I feel tired before anything has even happened, and even while I want friends and I want to hang out with other women so bad that it sometimes literally drives me crazy, I just can’t face it all.
Being deaf is isolating
I’ve often worried about not being able to hear the kids in a variety of contexts. I worry also about not being able to hear what is said TO my kids. I worry about someone saying something mean to one of my children and my standing Right.There. with some vacant smile on my face, looking at the trees, unaware and clueless. And then if my kid cries (with tears or with a hurting heart), it will be up to my child to tell me what happened, and I absolutely hate that.
Oh my God, do I hate that.
So I try and focus on not worrying – I mean that hasn’t even happened (to my knowledge) and I have enough that has happened to keep me busy.
The Challenges of Being a Deaf Mother
Maybe that should be, “The Challenges of Being a Deaf Mother Who Chooses to Live Off the Grid.”
Because, let’s see. We can’t get a landline for a telephone (- they literally won’t come out here to put in the poles), video phones fall under that umbrella. I can use Facetime, yes, but only at certain times of the day (when others in our valley are not downloading or streaming videos!). But how many dental offices do business with you using Facetime?! Right. I need to use the cellphone and that’s almost exactly like those old Saturday Night Live videos of Al Franken searching for access with the antennae on his head. It’s so ridiculously and comically absurdly awful that IN REAL LIFE I feel like a skit from Candid Camera.
In a nutshell: the nitty-gritty knuckle-crackin’ stuff of being a parent who gets things done is head-bashingly hard for me.
In fact, it is to “hard” what crawling up Kilamanjaro on your knees is – which is to say: it can be done and it’s no fun. Only if you do the Kilamanjaro one, you’ll get a lot of recognition – for me and for others like me, you get a dental appointment. If you are lucky.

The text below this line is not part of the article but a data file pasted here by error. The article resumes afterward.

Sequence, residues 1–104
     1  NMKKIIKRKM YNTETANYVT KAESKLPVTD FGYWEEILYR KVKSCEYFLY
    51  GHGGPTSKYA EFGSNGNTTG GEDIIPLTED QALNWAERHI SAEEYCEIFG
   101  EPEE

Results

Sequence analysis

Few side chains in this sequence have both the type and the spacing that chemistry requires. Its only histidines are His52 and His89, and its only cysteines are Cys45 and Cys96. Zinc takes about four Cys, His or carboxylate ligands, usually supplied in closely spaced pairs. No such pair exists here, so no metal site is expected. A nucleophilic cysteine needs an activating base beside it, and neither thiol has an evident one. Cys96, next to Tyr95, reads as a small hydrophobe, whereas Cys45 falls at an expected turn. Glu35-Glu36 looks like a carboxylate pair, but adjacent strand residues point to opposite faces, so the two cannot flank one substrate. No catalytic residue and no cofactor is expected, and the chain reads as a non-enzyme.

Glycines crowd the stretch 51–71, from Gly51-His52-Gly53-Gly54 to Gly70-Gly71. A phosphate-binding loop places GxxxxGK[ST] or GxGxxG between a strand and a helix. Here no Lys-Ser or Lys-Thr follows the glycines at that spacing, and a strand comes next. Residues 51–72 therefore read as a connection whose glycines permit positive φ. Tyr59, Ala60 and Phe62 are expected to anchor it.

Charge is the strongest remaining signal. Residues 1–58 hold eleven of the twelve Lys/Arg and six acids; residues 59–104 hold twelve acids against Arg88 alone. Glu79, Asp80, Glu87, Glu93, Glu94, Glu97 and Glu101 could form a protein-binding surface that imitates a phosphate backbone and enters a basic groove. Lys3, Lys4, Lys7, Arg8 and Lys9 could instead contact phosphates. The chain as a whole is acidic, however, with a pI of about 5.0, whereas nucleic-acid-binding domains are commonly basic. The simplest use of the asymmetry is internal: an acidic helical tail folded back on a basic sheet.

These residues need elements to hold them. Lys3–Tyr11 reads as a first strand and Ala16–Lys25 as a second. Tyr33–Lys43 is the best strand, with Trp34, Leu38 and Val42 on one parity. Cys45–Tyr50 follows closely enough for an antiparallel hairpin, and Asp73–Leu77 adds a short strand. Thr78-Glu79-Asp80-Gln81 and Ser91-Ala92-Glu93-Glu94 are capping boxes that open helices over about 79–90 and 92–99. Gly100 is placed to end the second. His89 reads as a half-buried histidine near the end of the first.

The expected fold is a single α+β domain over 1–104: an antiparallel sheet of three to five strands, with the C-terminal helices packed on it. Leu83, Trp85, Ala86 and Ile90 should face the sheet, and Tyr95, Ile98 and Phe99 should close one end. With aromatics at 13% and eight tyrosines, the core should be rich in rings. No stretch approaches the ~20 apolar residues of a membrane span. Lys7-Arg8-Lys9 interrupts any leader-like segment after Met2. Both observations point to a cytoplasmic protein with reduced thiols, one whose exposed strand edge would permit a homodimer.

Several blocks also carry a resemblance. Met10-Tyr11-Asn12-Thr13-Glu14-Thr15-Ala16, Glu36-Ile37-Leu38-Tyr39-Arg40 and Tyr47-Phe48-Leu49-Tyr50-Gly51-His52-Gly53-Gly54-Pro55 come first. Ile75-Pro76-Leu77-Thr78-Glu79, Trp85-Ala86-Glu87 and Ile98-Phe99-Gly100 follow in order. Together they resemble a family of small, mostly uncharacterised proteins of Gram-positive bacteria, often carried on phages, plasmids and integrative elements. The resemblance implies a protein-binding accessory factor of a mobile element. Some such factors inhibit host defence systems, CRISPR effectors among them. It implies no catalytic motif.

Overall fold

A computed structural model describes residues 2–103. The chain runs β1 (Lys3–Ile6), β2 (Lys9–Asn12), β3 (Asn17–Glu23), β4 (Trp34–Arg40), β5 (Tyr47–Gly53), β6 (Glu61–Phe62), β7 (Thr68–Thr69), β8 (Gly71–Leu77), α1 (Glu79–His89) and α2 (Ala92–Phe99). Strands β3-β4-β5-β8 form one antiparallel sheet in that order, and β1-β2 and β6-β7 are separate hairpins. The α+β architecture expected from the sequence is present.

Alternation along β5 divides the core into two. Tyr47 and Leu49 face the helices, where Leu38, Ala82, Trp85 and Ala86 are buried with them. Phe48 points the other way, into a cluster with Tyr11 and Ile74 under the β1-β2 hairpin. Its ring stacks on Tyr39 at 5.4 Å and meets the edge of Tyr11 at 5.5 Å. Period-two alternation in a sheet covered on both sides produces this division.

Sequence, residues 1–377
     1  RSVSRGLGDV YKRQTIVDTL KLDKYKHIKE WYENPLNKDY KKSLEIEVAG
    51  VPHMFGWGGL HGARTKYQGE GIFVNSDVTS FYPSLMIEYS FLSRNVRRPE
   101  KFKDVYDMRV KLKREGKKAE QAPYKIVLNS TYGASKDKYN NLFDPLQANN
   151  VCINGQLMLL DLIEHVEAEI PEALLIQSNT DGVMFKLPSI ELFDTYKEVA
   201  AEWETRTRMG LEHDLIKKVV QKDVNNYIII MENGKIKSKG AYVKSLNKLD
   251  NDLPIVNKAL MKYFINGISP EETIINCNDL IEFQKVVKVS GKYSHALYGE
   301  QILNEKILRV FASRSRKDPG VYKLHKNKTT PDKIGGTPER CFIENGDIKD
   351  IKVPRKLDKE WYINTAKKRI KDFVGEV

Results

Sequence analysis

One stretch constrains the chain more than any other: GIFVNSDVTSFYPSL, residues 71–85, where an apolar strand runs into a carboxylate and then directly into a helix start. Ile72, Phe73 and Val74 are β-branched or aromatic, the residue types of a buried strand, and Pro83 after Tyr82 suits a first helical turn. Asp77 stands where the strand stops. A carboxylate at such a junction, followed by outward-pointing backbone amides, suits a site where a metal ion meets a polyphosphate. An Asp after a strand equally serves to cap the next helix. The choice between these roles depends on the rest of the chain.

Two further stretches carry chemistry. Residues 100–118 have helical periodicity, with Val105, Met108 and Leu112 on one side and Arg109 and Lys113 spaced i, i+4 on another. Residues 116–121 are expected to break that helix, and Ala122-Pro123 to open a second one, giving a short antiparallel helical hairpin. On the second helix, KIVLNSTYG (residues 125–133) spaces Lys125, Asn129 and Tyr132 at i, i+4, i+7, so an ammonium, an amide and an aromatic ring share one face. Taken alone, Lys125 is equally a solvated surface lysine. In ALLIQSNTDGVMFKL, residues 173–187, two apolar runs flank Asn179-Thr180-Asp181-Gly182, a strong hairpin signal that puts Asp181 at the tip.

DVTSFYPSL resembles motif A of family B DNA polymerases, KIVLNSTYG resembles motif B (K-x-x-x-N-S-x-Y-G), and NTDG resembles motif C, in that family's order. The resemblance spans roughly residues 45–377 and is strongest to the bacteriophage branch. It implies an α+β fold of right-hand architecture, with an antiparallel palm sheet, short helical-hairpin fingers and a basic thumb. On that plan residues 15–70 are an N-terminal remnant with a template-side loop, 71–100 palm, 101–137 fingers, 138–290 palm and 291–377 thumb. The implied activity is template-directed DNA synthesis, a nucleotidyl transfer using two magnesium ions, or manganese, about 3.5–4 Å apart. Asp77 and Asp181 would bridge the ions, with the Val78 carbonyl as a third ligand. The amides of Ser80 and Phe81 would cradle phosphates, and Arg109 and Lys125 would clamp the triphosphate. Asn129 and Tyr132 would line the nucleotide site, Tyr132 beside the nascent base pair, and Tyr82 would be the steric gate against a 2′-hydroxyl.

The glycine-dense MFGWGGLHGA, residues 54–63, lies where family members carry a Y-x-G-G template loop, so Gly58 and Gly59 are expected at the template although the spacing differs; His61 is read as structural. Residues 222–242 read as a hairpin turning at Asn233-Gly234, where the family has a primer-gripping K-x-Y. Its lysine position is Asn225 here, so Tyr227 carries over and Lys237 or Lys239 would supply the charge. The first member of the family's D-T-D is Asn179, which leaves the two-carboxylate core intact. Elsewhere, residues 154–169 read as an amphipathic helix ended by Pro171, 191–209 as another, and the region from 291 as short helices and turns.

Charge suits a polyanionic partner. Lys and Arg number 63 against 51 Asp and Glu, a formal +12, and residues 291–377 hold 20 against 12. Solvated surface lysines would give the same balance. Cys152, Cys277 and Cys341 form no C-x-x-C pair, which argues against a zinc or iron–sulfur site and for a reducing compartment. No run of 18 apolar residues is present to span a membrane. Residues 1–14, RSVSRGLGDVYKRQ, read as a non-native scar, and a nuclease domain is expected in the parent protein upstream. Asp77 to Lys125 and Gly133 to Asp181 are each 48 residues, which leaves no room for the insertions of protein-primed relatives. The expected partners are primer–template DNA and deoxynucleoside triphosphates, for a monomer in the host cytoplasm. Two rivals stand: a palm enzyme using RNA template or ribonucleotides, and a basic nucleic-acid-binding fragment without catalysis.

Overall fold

Sometimes I wonder how much of all this is just me.
If I was a more “together” kind of person, would it be easier? I slept with all of my kids because I couldn’t hear them cry – I would wake up from the vibration of their crying. Deaf people asked me why I didn’t get a video monitor with a bed shaking alarm – and honestly, I never even thought such a thing existed. So there you go; it doesn’t have to be the (perhaps more difficult) way that I’ve made it.
I could have had a video monitor and I could have rigged it to a bed shaking alarm. I could rig a phone up some how (how???) and get access without it being what it is. I could get an interpreter for everything, walk around like a boss with a posse. Make my family sign in order to communicate with me. Forget about being so oral – it feels stupid anyway after you know someone has repeated something to you enough times to make their eyes twitch.
I’m at the point in the story in which I want to start stacking the positive.
I mean, my fingers are reaching for the keys in a fierce way – but for once, I just don’t want this post to be about finding the positive, about the glories of being deaf, about how great it is to live in a world of silence.
And by not writing about that right now, I’m not saying it’s not true; it is. I do love my silent world, I love how it feels soft and muted, like a hazy dream with beautiful colours. I like being able to choose to hear and I like being able to switch from one blended-watercolour-world to a sharp, crisp, focused one just by putting in and turning on my hearing aids. And I want parents of kids with disabilities to remember that – I went them to balance that with what I’m saying about the isolation.
It’s not as cut and dried as we might want it to be: as I’ve said, being deaf is not a one-dimensional experience.